This status information is written only to your standard output device, not to the log
file (if one is in effect).

Example
The following is an example of using the STATUS parameter.
> expdp hr/hr DIRECTORY=dpump_dir1 SCHEMAS=hr,sh STATUS=300

This example will export the hr and sh schemas and display the status of the export
every 5 minutes (60 seconds x 5 = 300 seconds).

TABLES
Default: none

Purpose
Specifies that you want to perform a table-mode export.

Data Pump Export 2-25


Parameters Available in Export's Command-Line Mode

Syntax and Description


TABLES=[schema_name.]table_name[:partition_name] [, ...]

Filtering can restrict what is exported using this mode (see Filtering During Export
Operations on page 2-5). You can filter the data and metadata that is exported, by
specifying a comma-delimited list of tables and partitions or subpartitions. If a
partition name is specified, it must be the name of a partition or subpartition in the
associated table. Only the specified set of tables, partitions, and their dependent
objects are unloaded.
The table name that you specify can be preceded by a qualifying schema name. All
table names specified must reside in the same schema. The schema defaults to that of
the current user. To specify a schema other than your own, you must have the EXP_
FULL_DATABASE role.
The use of wildcards is supported for one table name per export operation. For
example, TABLES=emp% would export all tables having names that start with 'EMP'.

Restrictions
Cross-schema references are not exported. For example, a trigger defined on a table
within one of the specified schemas, but that resides in a schema not explicitly
specified, is not exported.
Types used by the table are not exported in table mode. This means that if you
subsequently import the dump file and the TYPE does not already exist in the
destination database, the table creation will fail.
The use of synonyms as values for the TABLES parameter is not supported. For
example, if the regions table in the hr schema had a synonym of regn, it would not
be valid to use TABLES=regn. An error would be returned.
The export of table partitions is not supported when the NETWORK_LINK parameter is
used.
The export of tables that include wildcards in the table name is not supported if the
table has partitions.

Examples
The following example shows a simple use of the TABLES parameter to export three
tables found in the hr schema: employees, jobs, and departments. Because user
hr is exporting tables found in the hr schema, the schema name is not needed before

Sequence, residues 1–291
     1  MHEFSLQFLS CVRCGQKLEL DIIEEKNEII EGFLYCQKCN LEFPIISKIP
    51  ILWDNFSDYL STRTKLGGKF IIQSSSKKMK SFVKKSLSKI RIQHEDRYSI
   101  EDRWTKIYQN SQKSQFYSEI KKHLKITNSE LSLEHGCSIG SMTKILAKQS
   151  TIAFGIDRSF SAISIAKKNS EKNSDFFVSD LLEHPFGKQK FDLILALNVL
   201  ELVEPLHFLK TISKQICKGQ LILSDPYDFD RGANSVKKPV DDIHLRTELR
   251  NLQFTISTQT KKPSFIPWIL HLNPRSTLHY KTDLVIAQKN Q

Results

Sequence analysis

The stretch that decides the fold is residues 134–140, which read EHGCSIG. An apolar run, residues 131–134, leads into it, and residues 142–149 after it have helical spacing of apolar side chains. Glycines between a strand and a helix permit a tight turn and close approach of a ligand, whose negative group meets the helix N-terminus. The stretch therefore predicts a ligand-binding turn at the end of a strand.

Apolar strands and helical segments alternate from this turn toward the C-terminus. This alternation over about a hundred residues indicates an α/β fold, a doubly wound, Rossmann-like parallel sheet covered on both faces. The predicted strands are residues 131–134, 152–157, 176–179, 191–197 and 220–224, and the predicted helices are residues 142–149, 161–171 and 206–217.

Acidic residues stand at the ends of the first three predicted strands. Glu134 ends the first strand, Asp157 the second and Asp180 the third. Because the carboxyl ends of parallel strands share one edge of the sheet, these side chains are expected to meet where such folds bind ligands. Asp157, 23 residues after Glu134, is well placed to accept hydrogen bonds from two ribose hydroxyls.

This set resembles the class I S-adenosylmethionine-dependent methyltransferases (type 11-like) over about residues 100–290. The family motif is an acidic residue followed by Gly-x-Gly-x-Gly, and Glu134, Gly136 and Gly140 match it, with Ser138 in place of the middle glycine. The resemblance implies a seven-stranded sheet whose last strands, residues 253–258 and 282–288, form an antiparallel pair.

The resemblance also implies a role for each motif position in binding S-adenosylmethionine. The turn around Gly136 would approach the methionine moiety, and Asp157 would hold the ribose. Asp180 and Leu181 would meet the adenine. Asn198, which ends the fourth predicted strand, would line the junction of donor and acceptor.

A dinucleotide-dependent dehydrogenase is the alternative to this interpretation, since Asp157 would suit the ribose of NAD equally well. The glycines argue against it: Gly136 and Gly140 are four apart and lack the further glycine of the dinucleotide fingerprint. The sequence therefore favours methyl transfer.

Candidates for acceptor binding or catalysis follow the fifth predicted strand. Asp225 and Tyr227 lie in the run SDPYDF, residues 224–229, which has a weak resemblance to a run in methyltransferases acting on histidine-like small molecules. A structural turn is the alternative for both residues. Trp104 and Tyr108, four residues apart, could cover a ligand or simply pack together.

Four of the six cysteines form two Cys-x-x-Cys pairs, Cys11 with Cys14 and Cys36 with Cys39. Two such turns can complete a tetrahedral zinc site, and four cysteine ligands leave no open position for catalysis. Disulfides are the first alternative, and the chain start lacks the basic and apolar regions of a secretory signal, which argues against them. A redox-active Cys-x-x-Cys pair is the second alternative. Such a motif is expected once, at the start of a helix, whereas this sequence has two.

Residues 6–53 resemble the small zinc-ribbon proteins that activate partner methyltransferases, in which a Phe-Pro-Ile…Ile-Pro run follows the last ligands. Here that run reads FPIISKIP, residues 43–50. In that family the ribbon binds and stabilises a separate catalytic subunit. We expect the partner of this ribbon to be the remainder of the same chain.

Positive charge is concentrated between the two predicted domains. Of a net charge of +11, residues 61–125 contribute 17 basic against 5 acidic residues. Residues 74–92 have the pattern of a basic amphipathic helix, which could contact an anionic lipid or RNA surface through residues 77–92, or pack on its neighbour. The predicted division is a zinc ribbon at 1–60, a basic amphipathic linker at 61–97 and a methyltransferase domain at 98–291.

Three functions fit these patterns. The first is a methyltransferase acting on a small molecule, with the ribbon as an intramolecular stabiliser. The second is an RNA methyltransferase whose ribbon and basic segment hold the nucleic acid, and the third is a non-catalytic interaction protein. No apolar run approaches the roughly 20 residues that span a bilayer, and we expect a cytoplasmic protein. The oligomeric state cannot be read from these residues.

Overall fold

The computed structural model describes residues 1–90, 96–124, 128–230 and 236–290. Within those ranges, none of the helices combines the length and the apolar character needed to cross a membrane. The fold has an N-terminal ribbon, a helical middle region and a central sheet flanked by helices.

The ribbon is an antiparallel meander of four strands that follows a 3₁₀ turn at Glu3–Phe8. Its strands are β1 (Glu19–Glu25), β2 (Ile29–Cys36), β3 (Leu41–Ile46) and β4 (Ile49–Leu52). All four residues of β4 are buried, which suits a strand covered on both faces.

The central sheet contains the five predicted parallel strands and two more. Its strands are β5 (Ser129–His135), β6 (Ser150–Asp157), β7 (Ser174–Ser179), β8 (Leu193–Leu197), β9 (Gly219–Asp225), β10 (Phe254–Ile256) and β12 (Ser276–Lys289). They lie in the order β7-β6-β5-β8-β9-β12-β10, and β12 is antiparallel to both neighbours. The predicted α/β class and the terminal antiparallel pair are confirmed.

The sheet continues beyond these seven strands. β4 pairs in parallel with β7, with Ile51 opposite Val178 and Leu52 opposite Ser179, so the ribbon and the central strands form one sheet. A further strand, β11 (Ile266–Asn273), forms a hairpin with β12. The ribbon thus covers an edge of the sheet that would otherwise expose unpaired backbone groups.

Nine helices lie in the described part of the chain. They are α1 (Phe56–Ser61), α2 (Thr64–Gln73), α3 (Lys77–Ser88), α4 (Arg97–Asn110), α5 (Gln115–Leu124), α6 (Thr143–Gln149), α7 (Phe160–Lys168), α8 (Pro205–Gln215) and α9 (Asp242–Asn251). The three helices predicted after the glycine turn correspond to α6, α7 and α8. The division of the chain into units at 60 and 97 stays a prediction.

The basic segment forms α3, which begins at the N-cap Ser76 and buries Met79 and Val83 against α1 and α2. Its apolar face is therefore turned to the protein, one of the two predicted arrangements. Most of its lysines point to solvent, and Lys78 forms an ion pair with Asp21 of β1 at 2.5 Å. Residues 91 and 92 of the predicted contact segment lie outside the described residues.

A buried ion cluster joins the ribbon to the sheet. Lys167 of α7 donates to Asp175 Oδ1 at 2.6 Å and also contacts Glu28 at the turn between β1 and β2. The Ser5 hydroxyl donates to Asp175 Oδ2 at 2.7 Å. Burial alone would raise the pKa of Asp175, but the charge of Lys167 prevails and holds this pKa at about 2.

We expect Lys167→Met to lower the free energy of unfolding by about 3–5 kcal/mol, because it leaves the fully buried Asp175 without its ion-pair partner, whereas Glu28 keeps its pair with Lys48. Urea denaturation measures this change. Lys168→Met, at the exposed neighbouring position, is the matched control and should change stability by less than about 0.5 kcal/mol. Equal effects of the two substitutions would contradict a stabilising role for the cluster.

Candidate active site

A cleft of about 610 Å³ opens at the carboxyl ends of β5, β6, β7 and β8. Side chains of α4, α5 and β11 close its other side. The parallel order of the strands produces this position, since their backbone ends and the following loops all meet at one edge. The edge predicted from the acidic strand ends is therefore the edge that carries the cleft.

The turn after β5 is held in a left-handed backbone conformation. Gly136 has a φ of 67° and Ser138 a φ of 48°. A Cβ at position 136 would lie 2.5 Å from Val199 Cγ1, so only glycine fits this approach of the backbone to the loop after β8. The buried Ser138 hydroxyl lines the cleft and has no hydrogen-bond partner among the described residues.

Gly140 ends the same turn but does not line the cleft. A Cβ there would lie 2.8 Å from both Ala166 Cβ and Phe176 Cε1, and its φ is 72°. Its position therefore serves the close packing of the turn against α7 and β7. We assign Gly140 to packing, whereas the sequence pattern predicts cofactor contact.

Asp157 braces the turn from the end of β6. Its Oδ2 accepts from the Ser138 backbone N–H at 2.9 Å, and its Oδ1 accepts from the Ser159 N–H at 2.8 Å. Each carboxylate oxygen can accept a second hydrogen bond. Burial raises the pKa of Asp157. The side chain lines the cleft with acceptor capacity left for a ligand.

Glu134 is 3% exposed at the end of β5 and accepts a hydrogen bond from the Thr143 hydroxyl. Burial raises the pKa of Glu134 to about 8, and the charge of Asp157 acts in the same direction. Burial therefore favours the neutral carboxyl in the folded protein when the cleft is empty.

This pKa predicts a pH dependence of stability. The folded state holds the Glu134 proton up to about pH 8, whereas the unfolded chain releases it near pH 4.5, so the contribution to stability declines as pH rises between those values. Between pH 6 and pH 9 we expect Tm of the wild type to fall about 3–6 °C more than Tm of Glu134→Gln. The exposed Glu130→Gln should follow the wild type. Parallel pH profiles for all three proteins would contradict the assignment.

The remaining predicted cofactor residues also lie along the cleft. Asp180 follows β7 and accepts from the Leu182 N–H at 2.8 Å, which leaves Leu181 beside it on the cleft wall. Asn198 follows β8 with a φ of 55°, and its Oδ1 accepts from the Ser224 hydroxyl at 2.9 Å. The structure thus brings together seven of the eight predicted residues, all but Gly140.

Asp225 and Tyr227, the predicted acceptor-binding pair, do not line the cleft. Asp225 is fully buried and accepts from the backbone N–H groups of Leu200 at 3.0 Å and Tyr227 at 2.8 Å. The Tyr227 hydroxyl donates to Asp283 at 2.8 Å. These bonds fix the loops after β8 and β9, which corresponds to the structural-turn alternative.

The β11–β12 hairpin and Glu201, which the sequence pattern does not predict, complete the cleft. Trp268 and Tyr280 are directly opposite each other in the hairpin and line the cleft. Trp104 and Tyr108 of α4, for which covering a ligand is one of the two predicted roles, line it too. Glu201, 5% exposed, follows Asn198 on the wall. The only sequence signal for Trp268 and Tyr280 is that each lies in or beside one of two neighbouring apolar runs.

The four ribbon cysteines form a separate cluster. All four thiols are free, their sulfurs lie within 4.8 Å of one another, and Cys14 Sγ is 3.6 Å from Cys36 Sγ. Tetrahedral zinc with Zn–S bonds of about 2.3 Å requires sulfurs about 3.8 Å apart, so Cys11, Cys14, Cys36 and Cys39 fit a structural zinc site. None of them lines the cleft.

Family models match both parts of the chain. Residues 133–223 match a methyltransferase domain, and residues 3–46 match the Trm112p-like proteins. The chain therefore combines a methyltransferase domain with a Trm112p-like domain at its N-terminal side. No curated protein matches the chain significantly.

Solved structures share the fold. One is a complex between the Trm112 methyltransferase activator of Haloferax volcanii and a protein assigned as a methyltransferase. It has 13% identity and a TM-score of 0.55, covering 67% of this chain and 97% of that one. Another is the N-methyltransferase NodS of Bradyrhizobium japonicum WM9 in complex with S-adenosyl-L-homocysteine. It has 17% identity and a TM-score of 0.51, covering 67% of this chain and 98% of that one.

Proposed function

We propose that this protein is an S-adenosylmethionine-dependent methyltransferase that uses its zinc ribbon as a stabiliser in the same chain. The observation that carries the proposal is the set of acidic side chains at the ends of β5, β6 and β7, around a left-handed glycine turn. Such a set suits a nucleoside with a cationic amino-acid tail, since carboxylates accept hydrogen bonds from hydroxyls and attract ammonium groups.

the table names.
> expdp hr/hr DIRECTORY=dpump_dir1 DUMPFILE=tables.dmp
TABLES=employees,jobs,departments

The following example shows the use of the TABLES parameter to export partitions:
> expdp hr/hr DIRECTORY=dpump_dir1 DUMPFILE=tables_part.dmp TABLES=sh.sales:sales_
Q1_2000,sh.sales:sales_Q2_2000

This example exports the partitions, sales_Q1_2000 and sales_Q2_2000, from the
table sales in the schema sh.

TABLESPACES
Default: none

2-26 Oracle Database Utilities


Parameters Available in Export's Command-Line Mode

Purpose
Specifies a list of tablespace names to be exported in tablespace mode.

Syntax and Description


TABLESPACES=tablespace_name [, ...]

In tablespace mode, only the tables contained in a specified set of tablespaces are
unloaded. If a table is unloaded, its dependent objects are also unloaded. If any part of
a table resides in the specified set, then that table and all of its dependent objects are
exported. Filtering can restrict what is exported using this mode (see Filtering During
Export Operations on page 2-5).

Example
The following is an example of using the TABLESPACES parameter. The example
assumes that tablespaces tbs_4, tbs_5, and tbs_6 already exist.
> expdp hr/hr DIRECTORY=dpump_dir1 DUMPFILE=tbs.dmp
TABLESPACES=tbs_4, tbs_5, tbs_6

This results in a tablespace export in which tables (and their dependent objects) from
the specified tablespaces (tbs_4, tbs_5, and tbs_6) will be unloaded.

TRANSPORT_FULL_CHECK
Default: n

Purpose
Specifies whether or not to check for dependencies between those objects inside the
transportable set and those outside the transportable set. This parameter is applicable
only to a transportable-tablespace mode export.

Syntax and Description


TRANSPORT_FULL_CHECK={y | n}

If TRANSPORT_FULL_CHECK=y, then Export verifies that there are no dependencies


between those objects inside the transportable set and those outside the transportable
set. The check addresses two-way dependencies. For example, if a table is inside the
transportable set but its index is not, a failure is returned and the export operation is
terminated. Similarly, a failure is also returned if an index is in the transportable set
but the table is not.
If TRANSPORT_FULL_CHECK=n, then Export verifies only that there are no objects
within the transportable set that are dependent on objects outside the transportable
set. This check addresses a one-way dependency. For example, a table is not
dependent on an index, but an index is dependent on a table, because an index
without a table has no meaning. Therefore, if the transportable set contains a table, but
not its index, then this check succeeds. However, if the transportable set contains an
index, but not the table, the export operation is terminated.
In addition to this check, Export always verifies that all storage segments of all tables